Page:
Florida's New Paternity Law Gets Tested

By Victoria Langley
December 7, 2006 6:50 pm

Men everywhere may be relieved, but there are others who say the law just victimizes the kids.

Bobby Rhames hugged his wife and attorney in relief after a judge agreed he should not have to keep paying child support to his ex-girlfriend for a girl who is not his daughter.
Rhames found out when Amber was nine years old that she was not his, and has been fighting to stop paying ever since.

Bobby Thames, plaintiff, said, "It’s kinda sad that it took 14 years to get justice in this. I’m relieved, it’s nice."

Under the old law, a man who was determined to be the father had to keep paying child support even if DNA later proved he wasn’t. Opponents including Rhames took their case to the Legislature, successfully arguing the old system unfairly punished the wrong guy, and any new family he might start.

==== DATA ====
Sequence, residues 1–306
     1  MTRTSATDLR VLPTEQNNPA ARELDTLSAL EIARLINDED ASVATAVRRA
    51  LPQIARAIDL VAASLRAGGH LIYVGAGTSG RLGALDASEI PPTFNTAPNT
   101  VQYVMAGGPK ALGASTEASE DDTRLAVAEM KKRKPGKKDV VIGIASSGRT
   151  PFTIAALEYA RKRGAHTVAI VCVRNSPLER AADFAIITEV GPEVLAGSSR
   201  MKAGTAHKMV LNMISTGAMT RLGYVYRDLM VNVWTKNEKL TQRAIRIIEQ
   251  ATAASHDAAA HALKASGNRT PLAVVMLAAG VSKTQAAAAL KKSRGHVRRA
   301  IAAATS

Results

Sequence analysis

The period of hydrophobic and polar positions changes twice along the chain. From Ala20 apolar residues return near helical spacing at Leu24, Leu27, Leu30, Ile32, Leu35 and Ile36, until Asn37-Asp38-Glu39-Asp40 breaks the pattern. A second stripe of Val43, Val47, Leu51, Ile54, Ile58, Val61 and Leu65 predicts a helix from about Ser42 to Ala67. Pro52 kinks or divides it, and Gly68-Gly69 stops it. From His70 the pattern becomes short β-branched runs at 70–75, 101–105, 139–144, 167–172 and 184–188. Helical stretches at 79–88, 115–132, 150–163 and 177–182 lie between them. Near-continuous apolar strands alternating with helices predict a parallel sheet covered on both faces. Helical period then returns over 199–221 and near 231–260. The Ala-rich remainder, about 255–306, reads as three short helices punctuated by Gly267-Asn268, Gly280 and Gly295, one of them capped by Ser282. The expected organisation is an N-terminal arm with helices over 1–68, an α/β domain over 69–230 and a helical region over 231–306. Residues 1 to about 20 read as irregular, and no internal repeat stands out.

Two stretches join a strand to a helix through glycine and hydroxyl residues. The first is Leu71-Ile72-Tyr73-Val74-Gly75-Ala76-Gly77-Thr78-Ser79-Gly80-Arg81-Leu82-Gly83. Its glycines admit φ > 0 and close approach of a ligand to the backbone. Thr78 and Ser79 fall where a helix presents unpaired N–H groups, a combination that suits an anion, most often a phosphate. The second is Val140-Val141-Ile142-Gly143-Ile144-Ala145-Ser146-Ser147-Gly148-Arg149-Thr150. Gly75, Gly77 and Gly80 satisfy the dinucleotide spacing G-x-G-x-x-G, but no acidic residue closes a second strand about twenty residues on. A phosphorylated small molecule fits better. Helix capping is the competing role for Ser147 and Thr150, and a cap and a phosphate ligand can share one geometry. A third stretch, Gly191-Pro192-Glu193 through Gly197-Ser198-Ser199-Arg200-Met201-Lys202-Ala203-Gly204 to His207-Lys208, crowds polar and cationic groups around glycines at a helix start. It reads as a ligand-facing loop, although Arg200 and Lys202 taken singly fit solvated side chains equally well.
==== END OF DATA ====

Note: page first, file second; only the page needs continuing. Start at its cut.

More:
But for every man who this law has the potential to help, there is someone else who could be hurt, the child at the center of the case.

Amber is now 15. Her mother Connie Miranda maintains she made an honest mistake when she named Rhames the father, not realizing at the time she was already pregnant by someone else, but her heart aches for Amber.

Connie Miranda said, "He raised her for nine years and when the paternity test came back, he quit having anything to do with her. Now he’s using the law to let her know that he’s not going to have anything to do with her."

Rhames is one of the first men to test the new law in court, but many are expected to follow.

Under Florida’s new child support law, a man can challenge his paternity finding in court if he has a recent DNA test and is up-to-date on his child support payments, but a judge will still make decisions on a case-by-case basis.